Like many people these days, I have been feeling frustrated living during a pandemic. I will say straight out (making every gesture and speaking every saying that averts the ‘evil eye’) that I really have no reason to complain. My husband and I both work from home and have been fully employed. My parents, may they rest in peace, are no longer here and I don’t have to worry about them. I have no children of school age so I don’t have to make the crucial decision of whether or not to let them attend classes in person. I live in NJ where we fought the virus and brought it under control. Well, we did, but now apparently many New Jerseyans are feeling mask fatigue and have stopped doing all the things that protected us all for so long. But I miss my son. I haven’t seen him since the very beginning of February. No trip back home for Passover in the spring, no trip for me to him in the spring or to spend Rosh Hashanah with him. Arizona brought its infection rate waaaaaaay down and I decided it was time to take action.
I booked myself a trip to Phoenix. I got a round-trip first class ticket for a ridiculously low price, using all of my accumulated airline points. I booked myself into a hotel only 15 minutes from my son’s house. The rates were VERY low for the room – on the executive floor, with a walk-out balcony, and access to the concierge lounge. I’d stayed at this Chandler Hilton before and enjoyed it. The people there are lovely – helpful and cheerful! I even had a reasonable car rental. I decided to go for an entire week, and spend some days on vacation but other days working from the hotel. I thought I was taking this trip to reset MY spirits, but as departure day got closer I realized that my son was also in true need of a complete and utter break from his life.
He’s been in his house since mid-April, working from home, hanging out with his housemates. Other than trips to the grocery store once a week, he really had no place to go. For many months Arizona was not enforcing mask usage, and the infection rates were soaring. His friends were sheltering and he didn’t want to risk infection. By mid-July Arizona had followed the example set by the northeastern states and had shut-down all indoor activities. His work, while interesting, had become pressure-filled with deadlines and changes and other elements that can make employment truly seem like “work”. I’d imagined we’d hang out at the hotel, around the pool, but when I got there I learned that the hike he’d planned was up in Sedona. So twist my arm. *grin* We’ll go to Sedona.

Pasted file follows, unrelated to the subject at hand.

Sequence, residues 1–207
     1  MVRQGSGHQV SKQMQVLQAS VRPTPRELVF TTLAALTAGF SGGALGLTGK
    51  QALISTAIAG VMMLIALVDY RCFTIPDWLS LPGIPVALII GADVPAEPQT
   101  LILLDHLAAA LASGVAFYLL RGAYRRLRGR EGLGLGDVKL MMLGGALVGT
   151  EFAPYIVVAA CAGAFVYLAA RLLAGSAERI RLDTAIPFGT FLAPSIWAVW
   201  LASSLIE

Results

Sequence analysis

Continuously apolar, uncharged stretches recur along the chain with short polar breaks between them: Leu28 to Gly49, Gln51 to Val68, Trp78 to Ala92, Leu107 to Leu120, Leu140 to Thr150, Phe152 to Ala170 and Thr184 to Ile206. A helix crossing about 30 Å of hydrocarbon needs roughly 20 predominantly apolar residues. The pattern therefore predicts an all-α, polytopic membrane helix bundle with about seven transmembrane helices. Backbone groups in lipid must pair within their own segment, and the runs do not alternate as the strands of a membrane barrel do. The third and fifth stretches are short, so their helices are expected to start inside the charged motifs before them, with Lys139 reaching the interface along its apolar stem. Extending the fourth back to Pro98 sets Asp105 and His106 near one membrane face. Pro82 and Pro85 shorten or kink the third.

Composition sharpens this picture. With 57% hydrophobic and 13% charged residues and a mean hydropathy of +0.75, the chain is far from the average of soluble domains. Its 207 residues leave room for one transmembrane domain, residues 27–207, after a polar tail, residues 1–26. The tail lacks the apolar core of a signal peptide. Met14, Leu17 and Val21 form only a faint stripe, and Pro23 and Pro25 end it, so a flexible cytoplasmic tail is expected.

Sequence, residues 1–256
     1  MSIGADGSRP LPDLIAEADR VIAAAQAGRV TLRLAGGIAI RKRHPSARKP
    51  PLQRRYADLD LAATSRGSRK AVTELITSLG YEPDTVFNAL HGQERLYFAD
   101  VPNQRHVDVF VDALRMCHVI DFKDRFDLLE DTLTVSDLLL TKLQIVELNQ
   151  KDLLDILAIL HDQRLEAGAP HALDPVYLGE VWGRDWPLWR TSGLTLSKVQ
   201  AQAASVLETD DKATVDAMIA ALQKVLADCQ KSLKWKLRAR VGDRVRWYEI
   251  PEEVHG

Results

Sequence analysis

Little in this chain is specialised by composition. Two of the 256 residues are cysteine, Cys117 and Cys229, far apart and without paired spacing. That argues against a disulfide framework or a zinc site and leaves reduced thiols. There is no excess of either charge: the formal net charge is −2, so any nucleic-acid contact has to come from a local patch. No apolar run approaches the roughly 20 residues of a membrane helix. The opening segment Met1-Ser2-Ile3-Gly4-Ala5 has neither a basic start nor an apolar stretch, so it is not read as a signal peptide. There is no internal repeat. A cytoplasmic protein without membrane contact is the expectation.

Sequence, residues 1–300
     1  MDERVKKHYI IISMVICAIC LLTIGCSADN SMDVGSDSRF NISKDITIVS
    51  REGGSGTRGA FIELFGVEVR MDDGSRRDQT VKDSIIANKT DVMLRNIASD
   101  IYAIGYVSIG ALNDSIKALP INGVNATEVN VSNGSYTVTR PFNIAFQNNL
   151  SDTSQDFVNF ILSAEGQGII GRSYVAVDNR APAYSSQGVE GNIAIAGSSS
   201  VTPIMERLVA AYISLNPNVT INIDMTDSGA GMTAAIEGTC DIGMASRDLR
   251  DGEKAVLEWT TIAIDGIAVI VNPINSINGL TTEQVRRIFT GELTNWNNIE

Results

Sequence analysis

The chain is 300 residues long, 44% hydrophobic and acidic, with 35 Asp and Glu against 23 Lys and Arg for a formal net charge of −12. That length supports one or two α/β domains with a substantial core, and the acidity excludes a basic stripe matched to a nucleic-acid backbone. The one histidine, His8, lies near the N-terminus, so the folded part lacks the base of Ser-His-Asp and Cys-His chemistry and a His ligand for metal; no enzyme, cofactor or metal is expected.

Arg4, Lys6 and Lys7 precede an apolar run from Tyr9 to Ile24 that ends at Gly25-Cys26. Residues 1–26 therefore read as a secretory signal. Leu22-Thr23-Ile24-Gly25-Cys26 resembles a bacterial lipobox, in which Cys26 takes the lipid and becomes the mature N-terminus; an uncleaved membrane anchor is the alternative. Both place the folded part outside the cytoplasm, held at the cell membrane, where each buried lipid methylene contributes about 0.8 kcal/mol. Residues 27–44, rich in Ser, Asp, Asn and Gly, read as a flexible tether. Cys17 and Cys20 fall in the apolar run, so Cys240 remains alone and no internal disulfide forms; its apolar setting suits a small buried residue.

The trip was wonderful. I began describing it as the two of us clearing our cache. Those of you who understand browser terminology will understand that. We cleared out all the stale information cluttering our brains, and started fresh. Flagstaff and Sedona rate their own posts, but you can see the view from the hotel, and the ridiculously expensive self-indulgent car I rented. They were wonderfully nice and helpful at the Budget car rental at Sky Harbor in Phoenix. When I booked I was told no convertible was available, but when I asked at the desk, they managed to find me one and work a deal. 🙂 We put over 600 miles on that little beauty.
It was a very indulgent, relaxing, enjoyable week. We started slowly – cruising about Tempe on Saturday to find nearby spots that could refresh and renew (check out Tempe Town Lake and Beach). Downtown Tempe showed the effect of ASU doing classes remotely. Many closed restaurants and stores. There were still many students around, however, and music and food. (And of course the Tempe Butte, backdrop to Sun Devil Stadium games, is always there.) All restaurants followed the mask and social distancing protocols that have become the norm. Friday night (my arrival) we found outdoor seating at The Keg in Chandler, an excellent steakhouse. Saturday night we ate outdoors at Four Peaks Brewery, a favorite spot. Sunday was spent hanging out at the pool for a few hours reading. We were so relaxed from the heat and the water and reading that dinner was just a little bit of takeout (well, really delivery – the hotel no longer has a restaurant and bar and has worked out a delivery service with a nearby restaurant).
We both feel refreshed and renewed. I LOVE Arizona. I would move there tomorrow if it only had an ocean. But I am too much a Jersey girl to move too far from the Atlantic Ocean. As much as I am lost in the splendor of the desert, ultimately it is the ocean that brings me complete serenity. Ah, to have them both. Since I can’t, I’ll keep heading out to Arizona to soak in that sun.